Do you respond to comments to your posts? Do you spend time making comments on other blogs? Have you set comment guidelines for yourself? It may be worth revisiting how you think about comments, both in terms of how you deal with the comments to your posts and those you make in other blogs.
In this age of conversational marketing, responding to comments helps you show your readers that you are listening and participating. That’s important especially if you are in the service business. The action of referring to the content readers share with you and addressing any further questions will set you apart. It shows your commitment.
As well, it will buy you additional permission to engage with your readers and tell them about the work you do. That is no small feat in an increasingly crowded marketplace where doing what you say you do counts more every day.
I’m sure you’ve noticed that many blog posts often gather the “great post” and “‘atta boy/girl” in the comments. That is when you are fortunate enough to get comments to your posts. If you are leaving comments like those in other blogs, I encourage you to reconsider. You may be depriving yourself of opportunities to develop relationships – and relationships are key in conversational marketing.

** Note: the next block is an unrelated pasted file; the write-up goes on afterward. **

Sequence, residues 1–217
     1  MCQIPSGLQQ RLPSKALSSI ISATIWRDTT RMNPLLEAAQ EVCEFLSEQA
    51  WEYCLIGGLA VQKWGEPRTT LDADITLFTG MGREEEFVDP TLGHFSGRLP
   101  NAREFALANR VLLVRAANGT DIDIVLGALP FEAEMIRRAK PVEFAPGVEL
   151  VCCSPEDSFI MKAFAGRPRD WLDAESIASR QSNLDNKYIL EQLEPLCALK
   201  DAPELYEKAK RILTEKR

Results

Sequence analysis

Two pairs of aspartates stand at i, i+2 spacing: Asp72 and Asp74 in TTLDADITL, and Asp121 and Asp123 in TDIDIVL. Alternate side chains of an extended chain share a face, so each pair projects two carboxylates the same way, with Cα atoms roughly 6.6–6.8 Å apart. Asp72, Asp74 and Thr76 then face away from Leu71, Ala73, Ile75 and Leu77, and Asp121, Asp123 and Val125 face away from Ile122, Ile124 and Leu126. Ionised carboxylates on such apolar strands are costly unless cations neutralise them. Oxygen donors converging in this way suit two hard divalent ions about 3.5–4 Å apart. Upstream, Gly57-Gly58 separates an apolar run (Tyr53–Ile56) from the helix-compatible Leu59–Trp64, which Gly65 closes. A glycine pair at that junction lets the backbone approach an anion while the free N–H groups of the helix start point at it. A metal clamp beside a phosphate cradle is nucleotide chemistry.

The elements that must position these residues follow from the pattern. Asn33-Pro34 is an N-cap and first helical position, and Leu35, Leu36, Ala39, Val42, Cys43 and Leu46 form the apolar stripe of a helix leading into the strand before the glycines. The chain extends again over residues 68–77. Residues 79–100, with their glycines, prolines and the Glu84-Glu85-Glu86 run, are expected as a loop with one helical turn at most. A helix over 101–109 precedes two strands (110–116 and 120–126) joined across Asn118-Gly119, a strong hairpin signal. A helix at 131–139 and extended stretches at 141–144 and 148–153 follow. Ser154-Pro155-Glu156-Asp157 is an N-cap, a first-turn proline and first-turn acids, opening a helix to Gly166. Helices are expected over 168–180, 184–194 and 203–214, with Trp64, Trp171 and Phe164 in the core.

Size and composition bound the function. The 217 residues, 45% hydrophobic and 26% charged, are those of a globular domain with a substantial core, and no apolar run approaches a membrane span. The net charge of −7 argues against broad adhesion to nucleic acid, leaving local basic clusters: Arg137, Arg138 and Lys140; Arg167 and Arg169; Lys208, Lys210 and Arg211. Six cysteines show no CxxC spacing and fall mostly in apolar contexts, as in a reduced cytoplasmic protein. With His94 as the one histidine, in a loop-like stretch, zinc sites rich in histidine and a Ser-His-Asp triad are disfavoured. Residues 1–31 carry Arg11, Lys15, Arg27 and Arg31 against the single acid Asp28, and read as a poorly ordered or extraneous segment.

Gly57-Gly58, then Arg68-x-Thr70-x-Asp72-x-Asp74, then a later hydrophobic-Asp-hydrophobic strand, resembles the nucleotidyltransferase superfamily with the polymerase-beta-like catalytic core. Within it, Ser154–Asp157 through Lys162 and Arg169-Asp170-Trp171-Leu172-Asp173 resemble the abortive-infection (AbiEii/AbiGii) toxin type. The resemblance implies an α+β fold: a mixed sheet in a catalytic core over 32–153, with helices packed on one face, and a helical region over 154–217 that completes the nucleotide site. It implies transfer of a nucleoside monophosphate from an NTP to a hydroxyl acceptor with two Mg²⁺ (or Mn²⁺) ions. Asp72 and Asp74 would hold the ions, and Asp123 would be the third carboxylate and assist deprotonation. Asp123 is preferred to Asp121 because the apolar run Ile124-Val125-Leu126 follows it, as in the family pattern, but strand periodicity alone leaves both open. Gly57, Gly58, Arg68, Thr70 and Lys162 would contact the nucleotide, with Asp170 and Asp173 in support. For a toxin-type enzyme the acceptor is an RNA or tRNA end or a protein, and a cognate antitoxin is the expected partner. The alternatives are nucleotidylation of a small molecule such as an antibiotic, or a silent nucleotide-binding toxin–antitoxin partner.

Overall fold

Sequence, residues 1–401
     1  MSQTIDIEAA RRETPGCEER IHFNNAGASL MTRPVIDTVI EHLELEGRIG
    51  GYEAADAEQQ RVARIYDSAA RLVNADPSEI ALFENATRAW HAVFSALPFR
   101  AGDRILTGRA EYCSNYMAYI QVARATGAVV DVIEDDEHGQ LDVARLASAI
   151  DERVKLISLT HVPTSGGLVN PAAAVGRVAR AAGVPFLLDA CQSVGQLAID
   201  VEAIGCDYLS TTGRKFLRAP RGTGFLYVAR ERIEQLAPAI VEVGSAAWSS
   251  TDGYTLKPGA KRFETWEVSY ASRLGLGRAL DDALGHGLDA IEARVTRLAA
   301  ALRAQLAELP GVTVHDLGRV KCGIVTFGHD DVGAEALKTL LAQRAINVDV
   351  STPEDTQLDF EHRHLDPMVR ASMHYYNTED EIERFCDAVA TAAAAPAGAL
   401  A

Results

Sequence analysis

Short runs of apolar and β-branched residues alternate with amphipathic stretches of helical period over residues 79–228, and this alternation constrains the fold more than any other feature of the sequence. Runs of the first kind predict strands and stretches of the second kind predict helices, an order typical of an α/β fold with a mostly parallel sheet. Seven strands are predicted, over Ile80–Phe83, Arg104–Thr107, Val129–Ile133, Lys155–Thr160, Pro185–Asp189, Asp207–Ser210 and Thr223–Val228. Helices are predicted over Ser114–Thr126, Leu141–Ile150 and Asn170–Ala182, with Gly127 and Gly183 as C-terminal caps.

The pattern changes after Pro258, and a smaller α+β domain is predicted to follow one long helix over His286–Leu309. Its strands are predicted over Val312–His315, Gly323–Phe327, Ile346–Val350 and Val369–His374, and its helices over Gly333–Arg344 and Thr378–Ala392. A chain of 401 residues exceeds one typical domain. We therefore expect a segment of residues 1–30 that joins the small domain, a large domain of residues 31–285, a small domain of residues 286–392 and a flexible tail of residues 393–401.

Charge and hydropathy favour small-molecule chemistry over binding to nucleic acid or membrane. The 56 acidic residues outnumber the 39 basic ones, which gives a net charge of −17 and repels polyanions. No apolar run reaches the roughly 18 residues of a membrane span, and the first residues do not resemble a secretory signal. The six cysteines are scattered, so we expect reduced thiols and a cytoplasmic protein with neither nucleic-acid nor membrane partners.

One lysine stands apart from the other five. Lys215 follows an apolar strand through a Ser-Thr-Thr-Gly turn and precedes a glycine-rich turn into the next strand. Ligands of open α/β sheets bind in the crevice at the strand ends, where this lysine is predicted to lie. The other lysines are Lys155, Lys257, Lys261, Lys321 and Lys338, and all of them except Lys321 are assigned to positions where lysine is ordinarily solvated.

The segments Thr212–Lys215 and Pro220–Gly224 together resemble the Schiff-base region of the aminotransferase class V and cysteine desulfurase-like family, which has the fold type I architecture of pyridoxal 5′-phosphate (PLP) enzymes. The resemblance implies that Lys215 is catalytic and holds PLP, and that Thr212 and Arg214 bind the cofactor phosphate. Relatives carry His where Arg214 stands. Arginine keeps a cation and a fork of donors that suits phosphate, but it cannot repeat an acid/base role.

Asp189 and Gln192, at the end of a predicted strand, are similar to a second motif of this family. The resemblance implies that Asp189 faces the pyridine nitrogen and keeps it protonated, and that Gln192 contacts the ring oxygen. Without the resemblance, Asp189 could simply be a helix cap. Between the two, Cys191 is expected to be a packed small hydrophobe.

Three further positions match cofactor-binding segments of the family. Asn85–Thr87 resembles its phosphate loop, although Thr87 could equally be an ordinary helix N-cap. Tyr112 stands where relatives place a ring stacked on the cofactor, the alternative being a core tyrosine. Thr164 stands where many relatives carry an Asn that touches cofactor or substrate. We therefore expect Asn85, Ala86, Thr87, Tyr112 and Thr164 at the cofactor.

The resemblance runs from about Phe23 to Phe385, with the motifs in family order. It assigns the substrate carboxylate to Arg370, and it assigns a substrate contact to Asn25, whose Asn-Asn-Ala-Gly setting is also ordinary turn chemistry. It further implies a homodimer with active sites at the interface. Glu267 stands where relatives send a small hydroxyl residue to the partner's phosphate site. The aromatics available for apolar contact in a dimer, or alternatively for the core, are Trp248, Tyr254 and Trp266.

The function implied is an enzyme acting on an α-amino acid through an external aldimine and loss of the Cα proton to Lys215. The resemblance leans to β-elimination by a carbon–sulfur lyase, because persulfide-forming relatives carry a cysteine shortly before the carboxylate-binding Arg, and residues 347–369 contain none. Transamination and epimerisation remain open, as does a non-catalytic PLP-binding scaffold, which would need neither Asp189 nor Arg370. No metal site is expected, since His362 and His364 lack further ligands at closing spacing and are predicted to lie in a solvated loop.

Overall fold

The main reasons why comments are by and large left out of a full social media marketing strategy are:
– being time starved. Social media and the wealth of projects these activities can generate are filling your days. That is good. There is only so much time you can dedicate to writing at other people’s bogs. You need to care for your own.
– testing the waters. When you don’t know someone, you are inclined to stay general in what you say. You are not familiar with who else is reading and commenting and are still getting to know the author. Will they respond? Bottom line: is this going to be a waste of time?
– being afraid of not sounding knowledgeable. The more popular the blogger, the easier it is for a new blogger to feel intimidated. After all, they are successful because they know so much more, right? Actually some of the kindest and most unassuming people I met are the folks who’ve succeeded beyond imagination.
There is also the issue of negative comments, which others have addressed extensively here. Let’s focus for a moment on the reasons I listed here and any other that you might have. Leave me a comment to begin the conversation on why it is a good idea to have a comments strategy.
Next post, we will talk about the tactical part.
With New World attitude and Italian style, Fast Company expert blogger and Conversation Agent Valeria Maltoni demonstrates her unique talent for synthesizing marketing, public relations, and communications. See how customer relationships are always conversations, and why this knowledge is essential to doing business in the Information Age. Valeria also blogs at the Marketing Profs Daily Fix and Marketing 2.0.